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UPDATED: January 3, 2014 NO. 1 JANUARY 2, 2014
Funding SMEs
Expansion of the new third board and easier access to market capital will ease financing woes
By Lan Xinzhen

UNCERTAINTY: A trader in Hangzhou, capital of Zhejiang Province, watches the board to check on his investments (LONG WEI)

In December 2013, almost all of the securities companies in China received an emergency notification from the National Equities Exchange and Quotations (NEEQ), which encouraged securities companies to be ready for the listing of qualified companies after the NEEQ was expanded. All qualified joint-stock companies across the country can apply to the NEEQ, the so-called "new third board," for trading. The document says innovation-based, and growing micro-, small and medium-sized enterprises are particularly encouraged to participate.

The State Council issued a statement on December 14, allowing all domestic micro-, small and medium-sized enterprises to be listed on the NEEQ. Previously, only small and medium-sized enterprises (SMEs) from four hi-tech industrial parks in Beijing, Tianjin, Shanghai and Wuhan could be traded on the board.

In the United States and other developed countries, there are sound over-the-counter (OTC) systems for unlisted joint-stock companies, but in China, the new third board is just starting to take shape.

Seven year wait

According to the State Council's arrangement, qualified domestic enterprises can transfer their shares via the NEEQ and conduct equity financing, debt financing and reorganization. Companies registered in China but listed abroad can issue preferred shares via the NEEQ. Companies listed on the third board can apply for initial public offerings (IPOs) on the Shanghai and Shenzhen stock exchanges if they meet the requirements.

When China's securities market was established in 1992, the corporate-owned shares of listed companies were prohibited from trading on the A-share market. The country then set up the Securities Trading Automated Quotations System (STAQ) and the National Exchange and Trading System (NET) for the trading of corporate-owned shares. But due to a conflict with the Securities Law of 1999, the two systems had to be closed.

In 2001, the Securities Association of China, in coordination with some securities companies, set up the Agency Share Transfer System, also called the third board, to solve the problem of stock transfer after the STAQ and NET were abolished.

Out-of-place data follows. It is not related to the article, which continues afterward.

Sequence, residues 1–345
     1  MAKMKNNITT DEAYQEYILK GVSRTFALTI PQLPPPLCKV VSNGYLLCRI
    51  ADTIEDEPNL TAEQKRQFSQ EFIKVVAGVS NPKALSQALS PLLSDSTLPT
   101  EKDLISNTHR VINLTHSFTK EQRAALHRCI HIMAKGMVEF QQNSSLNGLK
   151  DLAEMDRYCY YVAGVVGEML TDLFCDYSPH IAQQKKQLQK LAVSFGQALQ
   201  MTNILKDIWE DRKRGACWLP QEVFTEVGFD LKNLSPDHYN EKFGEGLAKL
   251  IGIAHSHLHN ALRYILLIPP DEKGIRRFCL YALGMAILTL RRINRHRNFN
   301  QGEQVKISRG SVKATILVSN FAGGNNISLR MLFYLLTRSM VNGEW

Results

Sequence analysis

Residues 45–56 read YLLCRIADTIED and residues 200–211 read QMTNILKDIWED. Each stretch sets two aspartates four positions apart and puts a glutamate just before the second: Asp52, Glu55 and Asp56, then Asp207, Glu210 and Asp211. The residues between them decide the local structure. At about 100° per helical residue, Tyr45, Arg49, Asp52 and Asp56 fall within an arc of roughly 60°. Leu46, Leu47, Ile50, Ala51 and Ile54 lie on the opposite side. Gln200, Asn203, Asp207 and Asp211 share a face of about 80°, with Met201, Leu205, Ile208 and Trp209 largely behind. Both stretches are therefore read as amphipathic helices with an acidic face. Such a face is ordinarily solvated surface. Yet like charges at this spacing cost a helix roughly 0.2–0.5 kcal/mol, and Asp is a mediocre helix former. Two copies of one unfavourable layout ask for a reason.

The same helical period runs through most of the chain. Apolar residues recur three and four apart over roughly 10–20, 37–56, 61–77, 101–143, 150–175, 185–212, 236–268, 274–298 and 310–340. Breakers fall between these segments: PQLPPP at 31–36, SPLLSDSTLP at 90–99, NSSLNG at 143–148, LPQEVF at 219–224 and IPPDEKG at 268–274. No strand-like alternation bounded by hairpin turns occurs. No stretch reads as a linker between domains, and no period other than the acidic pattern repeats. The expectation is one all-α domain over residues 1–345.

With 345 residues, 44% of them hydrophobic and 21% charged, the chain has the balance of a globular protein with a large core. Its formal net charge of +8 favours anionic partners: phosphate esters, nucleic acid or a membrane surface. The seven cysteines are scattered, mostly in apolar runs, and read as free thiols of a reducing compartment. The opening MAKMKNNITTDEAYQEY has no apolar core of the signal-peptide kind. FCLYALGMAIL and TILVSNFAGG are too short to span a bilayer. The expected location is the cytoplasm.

Only a few stocks were traded on the third board market and most of them were of low quality, so it was difficult for them to apply for trading on the main board in Shanghai and Shenzhen. The third board market remained sluggish for years.

To change the situation and offer financing opportunities for more growing hi-tech companies through stock listing, the China Securities Regulatory Commission (CSRC) in 2006 set up a new share transfer system at Beijing's Zhongguancun Science Park, which is called the new third board.

Compared with the old third board, the new third board is noticeably different in its trading rules and has made breakthroughs in many aspects.

On August 3, 2012, the CSRC decided to expand the pilot program, adding three science parks in Shanghai, Tianjin and Wuhan to the list.

According to the figures from the NEEQ, at present there are 351 companies traded on the new third board market, less than 2 percent of the total number of enterprises in the four science parks.

The State Council statement expands the new third board to the whole country. Considering that most of the listed companies on the third board market are micro-, small and medium-sized enterprises, the State Council stipulates that institutional investors will be the major investors on the new third board, because they have better capacity for taking risks and are in a better position to meet eligibility standards. Since the issuance and the transfer of stocks usually involve a small amount of capital, risks in this market are much lower than on the main board. According to the State Council statement, companies with no more than 200 shareholders are exempted from approval by the CSRC when applying for third board listings. Moreover, these companies do not need to be approved by the CSRC even if the number of their shareholders exceeds 200 after stock transfer.

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